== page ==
Gratitude is a beautiful practice of acknowledging the goodness one receives. It moves us from simply taking and consuming into a felt-sense of appreciation for the love and abundance in our lives.
Gratitude is not limited to time and space. We can give thanks to our parents who have passed on or the kind stranger who came to our aid twenty years ago. And we can give thanks to someone we have never met who lives across the world.
In expressing gratitude, however, we are not just feeling appreciation; we are offering an acknowledgement that we see another and that they matter in this world. This is the deeper part of gratitude few speak of.
I was walking by a homeless woman who was collecting bottles from garbage cans. She was about 70 years old, wearing a brimmed hat, red poncho and gumboots, while determinedly carrying a large plastic bag and pushing a cart filled to the rim. I’d seen this woman many times, but had yet to stop and offer some money. Again, I walked by and gave her nothing, despite the strong urge to reach into my pocket. After I ran my errands and began my return home, there she was again. This time I did not make the same mistake. I grabbed my wallet and gave her $10. I then paused and silently met her with my eyes. My heart opened to hers, we both smiled, and for a moment I connected with this woman who feels incredibly alone and forgotten.
Gratitude can offer this same gift of seeing and touching others, for gratitude is an act of giving. Let’s look at the context of the materials we consume made from sweatshops around the world. As you know, there are many products we purchase and take for granted made in poor working conditions by people desperate to get by and feed their families. Hours a day they slave away at repetitive and physically demanding work so that we can have our shiny shoes and toys. Silently they cry out to be seen and touched. They long to be remembered, to be felt. In taking pause to connect with them in our busy day, to have them in our hearts and minds in the spirit of gratitude, we not only thank them for their hard work and sacrifice, and for the gift of their labor, we also communicate, “I see you. I feel you. You are not alone.”
My friend Lynda Austin once beautifully said, “Love is seeing someone for who they are and holding them in that place.” Love remembers who people are behind confining roles, beyond everything they do, so that perhaps they no longer feel alone in this world. Love does not need to meet or know the person in order to feel and thus see the person. How many times have you felt genuine empathy for people you’ve never met? The same is thus true with gratitude. With heartfelt sincerity / intention, gratitude can find people’s underlying, soulful essence no matter where they live.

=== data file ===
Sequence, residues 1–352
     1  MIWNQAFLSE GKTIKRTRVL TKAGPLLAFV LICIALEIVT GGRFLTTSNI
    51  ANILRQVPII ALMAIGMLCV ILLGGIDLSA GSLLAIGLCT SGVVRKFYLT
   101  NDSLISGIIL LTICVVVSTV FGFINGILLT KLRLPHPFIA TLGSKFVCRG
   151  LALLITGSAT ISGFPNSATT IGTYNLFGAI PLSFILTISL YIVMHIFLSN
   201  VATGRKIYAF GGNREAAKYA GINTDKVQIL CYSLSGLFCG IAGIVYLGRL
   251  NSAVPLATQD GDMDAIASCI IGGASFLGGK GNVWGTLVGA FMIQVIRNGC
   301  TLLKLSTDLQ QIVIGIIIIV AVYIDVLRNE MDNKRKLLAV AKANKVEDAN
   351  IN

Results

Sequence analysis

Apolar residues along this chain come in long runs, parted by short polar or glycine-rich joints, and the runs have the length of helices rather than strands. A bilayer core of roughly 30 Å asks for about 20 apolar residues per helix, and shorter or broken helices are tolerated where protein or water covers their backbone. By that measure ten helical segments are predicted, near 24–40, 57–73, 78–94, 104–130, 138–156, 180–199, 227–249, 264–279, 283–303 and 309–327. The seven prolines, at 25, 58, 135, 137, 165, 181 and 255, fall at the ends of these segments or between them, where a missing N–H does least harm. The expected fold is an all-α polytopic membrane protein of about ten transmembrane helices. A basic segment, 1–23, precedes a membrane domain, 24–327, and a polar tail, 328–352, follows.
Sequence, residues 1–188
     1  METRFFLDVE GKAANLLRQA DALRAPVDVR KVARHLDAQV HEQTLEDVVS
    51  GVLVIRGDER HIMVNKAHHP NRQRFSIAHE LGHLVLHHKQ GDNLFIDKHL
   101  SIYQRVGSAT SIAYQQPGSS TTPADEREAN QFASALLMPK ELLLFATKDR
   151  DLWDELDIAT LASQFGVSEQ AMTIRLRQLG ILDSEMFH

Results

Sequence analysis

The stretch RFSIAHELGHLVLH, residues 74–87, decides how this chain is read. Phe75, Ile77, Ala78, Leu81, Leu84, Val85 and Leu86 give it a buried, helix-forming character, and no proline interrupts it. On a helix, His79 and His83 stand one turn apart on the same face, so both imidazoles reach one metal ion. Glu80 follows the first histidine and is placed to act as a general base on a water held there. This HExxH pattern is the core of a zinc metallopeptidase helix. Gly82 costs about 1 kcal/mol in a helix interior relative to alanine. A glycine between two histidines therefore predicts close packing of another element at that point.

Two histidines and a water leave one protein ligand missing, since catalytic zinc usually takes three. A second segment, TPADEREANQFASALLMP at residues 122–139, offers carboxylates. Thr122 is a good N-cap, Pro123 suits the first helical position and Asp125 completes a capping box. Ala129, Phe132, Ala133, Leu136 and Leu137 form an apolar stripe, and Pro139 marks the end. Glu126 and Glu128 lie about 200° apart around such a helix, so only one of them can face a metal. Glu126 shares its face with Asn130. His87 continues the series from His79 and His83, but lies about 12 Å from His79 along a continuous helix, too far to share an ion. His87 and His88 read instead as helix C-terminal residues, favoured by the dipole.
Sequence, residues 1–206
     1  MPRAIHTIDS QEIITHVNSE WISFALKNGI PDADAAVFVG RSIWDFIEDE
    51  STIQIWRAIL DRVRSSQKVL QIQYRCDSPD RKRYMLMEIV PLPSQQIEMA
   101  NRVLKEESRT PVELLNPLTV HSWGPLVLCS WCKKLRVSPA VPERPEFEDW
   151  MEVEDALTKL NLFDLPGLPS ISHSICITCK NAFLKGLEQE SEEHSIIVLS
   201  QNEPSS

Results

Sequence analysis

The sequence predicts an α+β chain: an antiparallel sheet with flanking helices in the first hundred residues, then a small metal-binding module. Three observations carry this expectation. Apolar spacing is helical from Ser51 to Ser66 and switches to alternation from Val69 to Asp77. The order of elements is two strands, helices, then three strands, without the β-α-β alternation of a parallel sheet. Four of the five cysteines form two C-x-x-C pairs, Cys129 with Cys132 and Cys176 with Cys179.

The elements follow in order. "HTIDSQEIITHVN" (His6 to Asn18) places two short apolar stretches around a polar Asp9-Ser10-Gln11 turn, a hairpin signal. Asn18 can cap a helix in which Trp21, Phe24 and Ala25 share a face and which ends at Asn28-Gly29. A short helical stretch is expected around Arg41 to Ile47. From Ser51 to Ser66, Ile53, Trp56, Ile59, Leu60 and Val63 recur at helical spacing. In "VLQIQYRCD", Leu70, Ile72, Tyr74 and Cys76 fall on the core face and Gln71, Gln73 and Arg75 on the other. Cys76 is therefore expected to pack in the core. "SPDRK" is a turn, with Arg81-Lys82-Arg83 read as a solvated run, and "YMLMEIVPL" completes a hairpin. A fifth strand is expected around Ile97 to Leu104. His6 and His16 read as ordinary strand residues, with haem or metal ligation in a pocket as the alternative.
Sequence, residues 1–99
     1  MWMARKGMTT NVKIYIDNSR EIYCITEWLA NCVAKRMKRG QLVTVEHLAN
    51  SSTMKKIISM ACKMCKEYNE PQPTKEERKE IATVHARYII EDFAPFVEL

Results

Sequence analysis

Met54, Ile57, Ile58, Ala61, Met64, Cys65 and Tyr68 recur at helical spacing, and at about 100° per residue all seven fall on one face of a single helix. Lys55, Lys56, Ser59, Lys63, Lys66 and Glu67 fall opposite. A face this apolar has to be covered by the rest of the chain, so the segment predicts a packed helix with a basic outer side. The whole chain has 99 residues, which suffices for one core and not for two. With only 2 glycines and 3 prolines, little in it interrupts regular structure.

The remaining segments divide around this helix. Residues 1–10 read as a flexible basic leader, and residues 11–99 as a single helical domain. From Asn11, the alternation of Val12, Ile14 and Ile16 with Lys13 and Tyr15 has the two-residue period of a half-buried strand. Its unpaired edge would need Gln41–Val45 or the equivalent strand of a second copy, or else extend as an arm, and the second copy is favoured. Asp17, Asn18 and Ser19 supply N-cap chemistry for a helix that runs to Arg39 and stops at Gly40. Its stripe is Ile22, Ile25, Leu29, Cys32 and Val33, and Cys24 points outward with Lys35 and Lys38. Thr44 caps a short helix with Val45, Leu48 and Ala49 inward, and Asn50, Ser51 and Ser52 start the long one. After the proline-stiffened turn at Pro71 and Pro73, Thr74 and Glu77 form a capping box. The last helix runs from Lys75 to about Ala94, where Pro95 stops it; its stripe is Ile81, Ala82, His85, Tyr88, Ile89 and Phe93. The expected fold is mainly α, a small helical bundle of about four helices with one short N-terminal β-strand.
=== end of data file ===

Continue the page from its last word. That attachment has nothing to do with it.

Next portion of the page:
That is the deeper purpose of the word “you” in “thank you”. In thanking you, I see you. In thanking you, I acknowledge the you that is suffering, that longs for something more, that exists beyond what the eyes can see.
Despite being in Cambodia, China or Indonesia we can send those suffering our love. For we are not separate as we have been taught, but deeply interconnected. We know this from the intuitive experiences we have in our lives where we accurately attune to something or someone who is far from sight. Somehow we know what is happening without knowing how we know.
Indeed our gift of gratitude lies in the power of love that knows no bounds. There is enough evidence to show that people can feel healing energy sent their way without any prior knowledge of it coming. This is the basis for distance or remote healing. And intuitively we know this power by how naturally and often we say, “Sending my thoughts and prayers.” Somewhere deep within we feel our innate power to love those past and present, here and far.
In closing I’d like to say it is our inmost longing to lovingly tend to the one family we are. Sending gratitude while attuning to our oneness is a small, yet powerful and needed way to bridge the seemingly separate souls walking this planet into our common inheritance that transcends the brackets of fleeting time we call our lives.
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Check out Vince’s book: Wild Empty Spaces ~ Poems for the Opening Heart